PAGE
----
Sculpture of two boys kissing destroyed ahead of Spain's Fallas festival

The Local
The Local - [email protected] • 16 Mar, 2018 Updated Fri 16 Mar 2018 10:40 CEST
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Preparations for Valencia’s emblematic Las Fallas festival have been marred by an act of vandalism with an apparent homophobic motive.


Preparations for Valencia’s emblematic Las Fallas festival have been tarnished by an act of vandalism with an apparent homophobic motive.

A sculpture of two boys, one black and the other white, depicted exchanging a kiss on the cheek, was found destroyed in the depot holding the so-called ninots, the name given to these traditionally satirical papier-mâché sculptures.

It had been sculpted like many others to be paraded and then set ablaze during Valencia’s famous Las Fallas festival, a week-long celebration held every year to honor Saint Joseph, the patron saint of the carpenter’s guild.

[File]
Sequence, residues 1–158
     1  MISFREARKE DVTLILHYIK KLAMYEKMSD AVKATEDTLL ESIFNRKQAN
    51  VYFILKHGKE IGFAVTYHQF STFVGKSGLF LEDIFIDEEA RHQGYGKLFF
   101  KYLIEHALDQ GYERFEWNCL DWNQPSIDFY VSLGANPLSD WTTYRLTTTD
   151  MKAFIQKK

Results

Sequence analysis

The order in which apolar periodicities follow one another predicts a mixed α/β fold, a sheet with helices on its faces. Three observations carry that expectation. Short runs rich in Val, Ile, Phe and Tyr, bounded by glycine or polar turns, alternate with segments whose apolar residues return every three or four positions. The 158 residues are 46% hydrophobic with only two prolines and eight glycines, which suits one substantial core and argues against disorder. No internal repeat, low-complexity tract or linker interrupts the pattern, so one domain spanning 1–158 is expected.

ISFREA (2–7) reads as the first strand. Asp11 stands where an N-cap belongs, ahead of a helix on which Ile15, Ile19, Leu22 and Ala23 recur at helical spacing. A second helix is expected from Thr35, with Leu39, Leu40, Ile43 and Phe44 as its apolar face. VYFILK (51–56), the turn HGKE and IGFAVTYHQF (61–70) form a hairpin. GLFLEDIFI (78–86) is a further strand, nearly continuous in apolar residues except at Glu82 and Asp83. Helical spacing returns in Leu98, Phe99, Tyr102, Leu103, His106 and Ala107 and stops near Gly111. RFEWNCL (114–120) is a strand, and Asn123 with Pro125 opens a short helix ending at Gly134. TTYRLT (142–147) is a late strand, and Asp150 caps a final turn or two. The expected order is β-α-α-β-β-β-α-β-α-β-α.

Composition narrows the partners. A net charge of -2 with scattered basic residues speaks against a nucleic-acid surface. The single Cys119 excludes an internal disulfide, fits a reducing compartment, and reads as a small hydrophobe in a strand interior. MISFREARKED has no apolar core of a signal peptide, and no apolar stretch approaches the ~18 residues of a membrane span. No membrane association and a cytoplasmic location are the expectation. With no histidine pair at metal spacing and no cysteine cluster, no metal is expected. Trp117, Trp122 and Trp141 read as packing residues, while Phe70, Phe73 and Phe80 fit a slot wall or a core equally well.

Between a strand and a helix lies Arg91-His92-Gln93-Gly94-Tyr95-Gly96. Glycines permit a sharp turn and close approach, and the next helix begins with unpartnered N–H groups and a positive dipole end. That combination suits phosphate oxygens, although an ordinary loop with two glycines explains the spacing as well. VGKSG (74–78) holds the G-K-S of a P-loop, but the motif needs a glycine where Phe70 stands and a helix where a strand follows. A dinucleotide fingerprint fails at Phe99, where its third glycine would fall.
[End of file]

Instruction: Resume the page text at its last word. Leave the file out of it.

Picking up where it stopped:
Juan Rabadán, president of the Las Fallas commission, told Spanish radio broadcaster Cadena Ser that the vandals ripped the head off one of the boys and part of the body of the other.

Rabadán has called it a premeditated “homophobic” act of vandalism, stressing that the trespassers came prepared to jump the security fence.

Tweet by local LGBT group calling for Las Fallas to be "more respectful when it comes to diversity". 

The sculpture had actually been selected by the association that built it as the one they wished to keep for posterity, as is traditional with the favourite ninots of the festival.

It was also a candidate to the Premio Arco Iris (The Rainbow Prize), given to the sculptures that best depict sexual diversity in Las Fallas.

IN PICTURES: Las Fallas - Valencia's spectacular festival of fire

Valencia’s most emblematic fiesta has a distinctly political tone, especially when it comes to the hundreds of giant wooden, cardboard, or papier-mâché sculptures built to illustrate Spanish society and its issues.

Even though the event is characterized by the burning of the majority of these ornate and very telling ninots, the sculpture’s premature destruction illustrates, somewhat ironically, the problem it was looking to portray.

Spain remains one of the world’s most gay friendly countries according to studies and it is a pioneer in gay marriage.

READ ALSO: Spain to open first gay old people's home




The Local 2018/03/16 10:40

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